Last night we went to a Gallery of Elke Reva Sudin's work - "Hipsters and Hassids" in Der Arbiter Ring in Manhattan (The Workmen's Circle - a place that brought up memories of my Grandfather . . . for it was at the Arbiter Ring that he learned Yiddish) - click on the link to see it all . . .
In the words of Elke from her blog:
Hipsters and Hassids are two polar opposite communities that live side by side in Williamsburg, Brooklyn. Hipsters are young, trendy, and artsy while Hassids are religious Jews who follow a specific tradition that they hold to strictly. Even though they look completely different on the outside, Hipsters and Hassids share many difficulties in common on the inside.
Much of the art played on the symmetry or dissonance of the two cultures . . . The Chassidim austere in black, the hipsters colored like flamboyant colors and wild designs - and yet the Chassidic group going as a family or community - the hipsters alone even when they are together - pensively smoking cigarettes. [Enjoy: How to dress like a hipster]
When we came at 10:00 not all the art had been hung up yet . .
They hamburgers, we eat pastrami on rye, they drink Milkshakes (or smoothies or . . .) we drink . . . Doctor Browns?
Unhealthy food unites.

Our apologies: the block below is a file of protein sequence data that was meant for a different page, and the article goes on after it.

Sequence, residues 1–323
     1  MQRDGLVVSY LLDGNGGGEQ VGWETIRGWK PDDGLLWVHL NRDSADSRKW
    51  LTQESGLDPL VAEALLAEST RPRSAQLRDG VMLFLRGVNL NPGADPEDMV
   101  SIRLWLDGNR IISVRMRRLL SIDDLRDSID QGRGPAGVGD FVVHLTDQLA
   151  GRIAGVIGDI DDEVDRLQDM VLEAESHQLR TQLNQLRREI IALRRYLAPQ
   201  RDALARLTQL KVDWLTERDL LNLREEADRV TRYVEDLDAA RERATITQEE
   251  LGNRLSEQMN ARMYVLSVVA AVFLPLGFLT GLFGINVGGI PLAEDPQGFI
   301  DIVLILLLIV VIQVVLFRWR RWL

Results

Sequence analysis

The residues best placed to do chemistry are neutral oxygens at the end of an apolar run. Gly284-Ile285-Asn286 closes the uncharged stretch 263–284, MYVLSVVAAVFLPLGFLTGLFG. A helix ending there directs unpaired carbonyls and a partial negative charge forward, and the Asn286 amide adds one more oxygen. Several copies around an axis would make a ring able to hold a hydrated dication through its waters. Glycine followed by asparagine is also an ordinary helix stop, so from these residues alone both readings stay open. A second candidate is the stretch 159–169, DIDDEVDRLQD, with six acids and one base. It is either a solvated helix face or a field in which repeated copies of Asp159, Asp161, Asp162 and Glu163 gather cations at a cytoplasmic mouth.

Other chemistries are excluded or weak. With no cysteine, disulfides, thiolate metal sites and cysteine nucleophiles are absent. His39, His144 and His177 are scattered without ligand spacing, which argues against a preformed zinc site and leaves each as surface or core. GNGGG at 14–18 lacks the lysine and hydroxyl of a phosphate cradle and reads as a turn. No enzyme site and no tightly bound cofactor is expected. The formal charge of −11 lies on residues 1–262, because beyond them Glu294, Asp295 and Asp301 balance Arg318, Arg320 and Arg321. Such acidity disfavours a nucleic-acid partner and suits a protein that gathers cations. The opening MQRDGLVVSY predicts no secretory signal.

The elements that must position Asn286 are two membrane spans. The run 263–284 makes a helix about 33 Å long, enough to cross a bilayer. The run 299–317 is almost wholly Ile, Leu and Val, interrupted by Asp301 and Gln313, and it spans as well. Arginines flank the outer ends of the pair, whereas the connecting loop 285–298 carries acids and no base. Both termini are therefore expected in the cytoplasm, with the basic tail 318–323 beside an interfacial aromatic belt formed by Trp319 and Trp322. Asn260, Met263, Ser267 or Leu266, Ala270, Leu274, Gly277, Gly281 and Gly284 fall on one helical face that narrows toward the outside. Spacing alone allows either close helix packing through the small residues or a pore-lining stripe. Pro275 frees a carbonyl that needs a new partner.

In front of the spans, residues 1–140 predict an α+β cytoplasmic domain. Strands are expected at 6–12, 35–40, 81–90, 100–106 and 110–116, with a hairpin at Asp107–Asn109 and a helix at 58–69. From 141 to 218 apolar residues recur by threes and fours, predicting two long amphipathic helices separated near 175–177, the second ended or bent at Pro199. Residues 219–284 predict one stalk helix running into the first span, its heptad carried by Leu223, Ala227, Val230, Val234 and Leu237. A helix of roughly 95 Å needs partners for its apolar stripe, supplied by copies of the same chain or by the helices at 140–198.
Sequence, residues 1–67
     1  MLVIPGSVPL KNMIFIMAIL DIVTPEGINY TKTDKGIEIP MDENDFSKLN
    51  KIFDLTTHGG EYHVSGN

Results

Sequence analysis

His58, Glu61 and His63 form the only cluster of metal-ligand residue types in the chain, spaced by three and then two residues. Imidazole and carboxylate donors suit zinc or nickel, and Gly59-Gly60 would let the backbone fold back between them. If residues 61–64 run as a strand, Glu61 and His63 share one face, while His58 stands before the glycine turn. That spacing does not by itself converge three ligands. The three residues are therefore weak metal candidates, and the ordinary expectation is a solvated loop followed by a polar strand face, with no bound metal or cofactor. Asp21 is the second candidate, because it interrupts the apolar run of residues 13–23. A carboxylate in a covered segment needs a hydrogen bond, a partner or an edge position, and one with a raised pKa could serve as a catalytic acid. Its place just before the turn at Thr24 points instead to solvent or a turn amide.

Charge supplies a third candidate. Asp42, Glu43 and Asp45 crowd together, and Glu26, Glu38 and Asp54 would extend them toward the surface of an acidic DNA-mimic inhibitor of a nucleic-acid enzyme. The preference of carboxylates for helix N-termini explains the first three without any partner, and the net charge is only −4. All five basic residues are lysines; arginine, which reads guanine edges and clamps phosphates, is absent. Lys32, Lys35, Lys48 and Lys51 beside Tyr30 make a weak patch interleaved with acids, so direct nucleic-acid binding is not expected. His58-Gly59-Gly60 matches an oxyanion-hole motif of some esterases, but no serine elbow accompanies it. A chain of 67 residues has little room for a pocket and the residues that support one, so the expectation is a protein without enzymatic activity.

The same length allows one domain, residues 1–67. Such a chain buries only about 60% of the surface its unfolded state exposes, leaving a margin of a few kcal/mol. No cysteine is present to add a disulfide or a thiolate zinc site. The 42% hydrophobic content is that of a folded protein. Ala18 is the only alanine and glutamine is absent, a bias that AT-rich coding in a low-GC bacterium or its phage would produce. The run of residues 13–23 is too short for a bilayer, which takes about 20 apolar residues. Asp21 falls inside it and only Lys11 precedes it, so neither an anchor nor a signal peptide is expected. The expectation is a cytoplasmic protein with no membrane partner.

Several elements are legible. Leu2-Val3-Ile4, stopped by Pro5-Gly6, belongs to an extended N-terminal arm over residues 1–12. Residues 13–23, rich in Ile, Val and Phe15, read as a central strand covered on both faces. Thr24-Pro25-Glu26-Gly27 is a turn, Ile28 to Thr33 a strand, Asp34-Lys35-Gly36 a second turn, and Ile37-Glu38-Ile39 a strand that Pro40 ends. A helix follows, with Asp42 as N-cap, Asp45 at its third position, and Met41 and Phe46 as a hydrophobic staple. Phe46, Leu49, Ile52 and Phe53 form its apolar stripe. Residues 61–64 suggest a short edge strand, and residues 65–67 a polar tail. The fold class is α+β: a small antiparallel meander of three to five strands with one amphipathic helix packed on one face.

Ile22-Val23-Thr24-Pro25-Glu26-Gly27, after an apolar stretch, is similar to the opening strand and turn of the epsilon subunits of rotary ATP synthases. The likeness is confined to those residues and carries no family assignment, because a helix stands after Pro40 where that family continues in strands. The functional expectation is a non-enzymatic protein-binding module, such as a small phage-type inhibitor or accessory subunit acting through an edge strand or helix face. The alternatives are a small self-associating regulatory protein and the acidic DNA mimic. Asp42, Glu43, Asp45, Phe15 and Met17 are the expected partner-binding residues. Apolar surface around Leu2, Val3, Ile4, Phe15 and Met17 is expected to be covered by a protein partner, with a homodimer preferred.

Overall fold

The crowd definitely weighed in on the side of the hipsters. Even the Chassidim there (besides for those that truly stradled both worlds) wanted to be hipsters.
I often wonder if we Lubavitchers really have any class. There's something insincere about the adoption of some of the Hipster culture - How many truly follow the mental waves and vibes of the Yuppies of Parkslope and the Hipsters of Greenpoint . . . and how many in a quest for individuality in our Neo-Chassidic society have opted for another form of ubiquity - being unique . . . like everyone else.
Here's the test for all would be Chassidic Hipsters - if you a Chossid that is Hip or a Hipster that is Hassidic . . . Satmar and the Hipsters fight over the bike lanes in Williamsburg. The Hipster want to bike, the Chassidim don't want to be exposed to the tight-fitting and skimpy dress of the bikers. Legal issues aside . . . who is right?
The classic game of Frogger this time played out as a scantly clad (if not entirely pixelated) hipsters trying to bike across Bedford Ave and it's swarms of angry Satmar Chassidim.
A concert and a Purim Schpiel . . .
After catching up with some of the Jewish Twitterati, looking at the pictures . . . and being unable to find Elke to congratulate her on the work, we left the gallery.
Outside the building, a group of hipsters stood, smoking cigarettes clenched between their thumbs and forefingers and pressed against brightly colored lips . . . taking heavy drags and looking out through deeply mascaraed eyes.
"I don't get it?" one said, Converse All-Star clad left foot pressed against the red bricks of the building. "Is she Chabad or something?"
"No," said the friend.
"So then why are the so many F*cking Lubavitchers here?"
Technorati Tags: Hipsters and Hassids, Chassidim, Art, Photography, New York, Chabad, Culture, Life, Thoughts
Sunday, February 14, 2010
Posted by Mottel at 6:50 AM